The Salmonella pathogenicity island (SPI) I contributes more than SPI2 to the colonization of the chicken by Salmonella enterica serovar Typhimurium

Yakhya Dieye, Keith Ameiss, Melha Mellata, Roy Curtiss

Research output: Contribution to journalArticle

47 Citations (Scopus)

Abstract

Background. Salmonella enterica serovar Typhimurium (Typhimurium) is an important pathogen that infects a broad range of hosts. In humans, Typhimurium causes a gastroenteritis characterized by vomiting, diarrhea, and abdominal pains. Typhimurium infection occurs mainly through the ingestion of contaminated food including poultry, pork, eggs, and milk. Chickens that are asymptomatic carriers of Typhimurium constitute a potential reservoir for infection. The type three secretion systems encoded by Salmonella pathogenicity islands (SPI) 1 and 2 are major virulence factors of Salmonella. However, only a few studies have investigated their role during the infection of chickens. Results. We have taken a mixed infection approach to study the contribution of SPI1 and SPI2 to the colonization of the chicken by Typhimurium. We found that SPI1 contributes to colonization of both the cecum and spleen in the chicken. In contrast, SPI2 contributes to colonization of the spleen but not the cecum and, in the absence of SPI1, inhibits cecal colonization. Additionally, we show that the contribution of SPI1 in the spleen is greater than that of SPI2. These results are different from those observed during the infection of the mouse by Typhimurium where SPI2 is the major player during systemic colonization. Conclusion. The co-infection model we used provides a sensitive assay that confirms the role of SPI1 and clarifies the role of SPI2 in the colonization of the chicken by Typhimurium.

Original languageEnglish (US)
Article number3
JournalBMC Microbiology
Volume9
DOIs
StatePublished - 2009

Fingerprint

Genomic Islands
Salmonella enterica
Salmonella
Chickens
Spleen
Cecum
Infection
Coinfection
Host Specificity
Gastroenteritis
Virulence Factors
Poultry
Abdominal Pain
Eggs
Vomiting
Diarrhea
Milk
Eating
Serogroup
Food

ASJC Scopus subject areas

  • Microbiology (medical)
  • Microbiology

Cite this

The Salmonella pathogenicity island (SPI) I contributes more than SPI2 to the colonization of the chicken by Salmonella enterica serovar Typhimurium. / Dieye, Yakhya; Ameiss, Keith; Mellata, Melha; Curtiss, Roy.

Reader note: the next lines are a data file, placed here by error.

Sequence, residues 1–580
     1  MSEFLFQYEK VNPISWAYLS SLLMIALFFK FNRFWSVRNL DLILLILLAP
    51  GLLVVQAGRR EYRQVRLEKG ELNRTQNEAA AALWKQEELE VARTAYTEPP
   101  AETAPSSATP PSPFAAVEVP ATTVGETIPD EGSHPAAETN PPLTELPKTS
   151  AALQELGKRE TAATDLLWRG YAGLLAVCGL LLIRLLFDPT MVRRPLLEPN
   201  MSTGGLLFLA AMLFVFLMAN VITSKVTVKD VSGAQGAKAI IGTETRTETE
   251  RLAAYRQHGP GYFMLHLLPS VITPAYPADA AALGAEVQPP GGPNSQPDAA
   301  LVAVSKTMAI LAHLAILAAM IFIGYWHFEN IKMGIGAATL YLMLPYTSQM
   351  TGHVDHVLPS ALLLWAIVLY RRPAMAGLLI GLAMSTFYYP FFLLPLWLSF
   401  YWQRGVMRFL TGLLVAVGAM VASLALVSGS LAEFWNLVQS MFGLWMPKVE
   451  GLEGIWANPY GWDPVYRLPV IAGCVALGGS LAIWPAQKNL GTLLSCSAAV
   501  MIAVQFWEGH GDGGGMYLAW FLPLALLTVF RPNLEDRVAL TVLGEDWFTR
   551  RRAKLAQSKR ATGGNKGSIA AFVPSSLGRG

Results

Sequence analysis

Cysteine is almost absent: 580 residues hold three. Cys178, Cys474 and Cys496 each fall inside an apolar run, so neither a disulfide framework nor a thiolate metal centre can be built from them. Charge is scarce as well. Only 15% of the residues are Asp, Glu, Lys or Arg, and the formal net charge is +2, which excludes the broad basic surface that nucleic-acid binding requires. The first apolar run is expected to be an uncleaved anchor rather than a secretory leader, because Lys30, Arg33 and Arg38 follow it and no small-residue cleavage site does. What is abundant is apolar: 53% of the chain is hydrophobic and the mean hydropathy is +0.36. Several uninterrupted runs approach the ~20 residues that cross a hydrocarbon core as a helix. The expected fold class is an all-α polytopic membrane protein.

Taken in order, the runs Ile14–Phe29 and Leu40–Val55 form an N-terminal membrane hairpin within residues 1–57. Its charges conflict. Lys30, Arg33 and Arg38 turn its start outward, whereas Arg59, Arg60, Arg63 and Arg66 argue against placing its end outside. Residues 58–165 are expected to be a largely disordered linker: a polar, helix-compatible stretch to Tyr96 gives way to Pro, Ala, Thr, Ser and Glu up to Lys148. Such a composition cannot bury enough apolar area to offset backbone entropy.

In: BMC Microbiology, Vol. 9, 3, 2009.

Research output: Contribution to journalArticle

@article{5a67cb5e88554815bdf93d1b07983ba3,
title = "The Salmonella pathogenicity island (SPI) I contributes more than SPI2 to the colonization of the chicken by Salmonella enterica serovar Typhimurium",
abstract = "Background. Salmonella enterica serovar Typhimurium (Typhimurium) is an important pathogen that infects a broad range of hosts. In humans, Typhimurium causes a gastroenteritis characterized by vomiting, diarrhea, and abdominal pains. Typhimurium infection occurs mainly through the ingestion of contaminated food including poultry, pork, eggs, and milk. Chickens that are asymptomatic carriers of Typhimurium constitute a potential reservoir for infection. The type three secretion systems encoded by Salmonella pathogenicity islands (SPI) 1 and 2 are major virulence factors of Salmonella. However, only a few studies have investigated their role during the infection of chickens. Results. We have taken a mixed infection approach to study the contribution of SPI1 and SPI2 to the colonization of the chicken by Typhimurium. We found that SPI1 contributes to colonization of both the cecum and spleen in the chicken. In contrast, SPI2 contributes to colonization of the spleen but not the cecum and, in the absence of SPI1, inhibits cecal colonization. Additionally, we show that the contribution of SPI1 in the spleen is greater than that of SPI2. These results are different from those observed during the infection of the mouse by Typhimurium where SPI2 is the major player during systemic colonization. Conclusion. The co-infection model we used provides a sensitive assay that confirms the role of SPI1 and clarifies the role of SPI2 in the colonization of the chicken by Typhimurium.",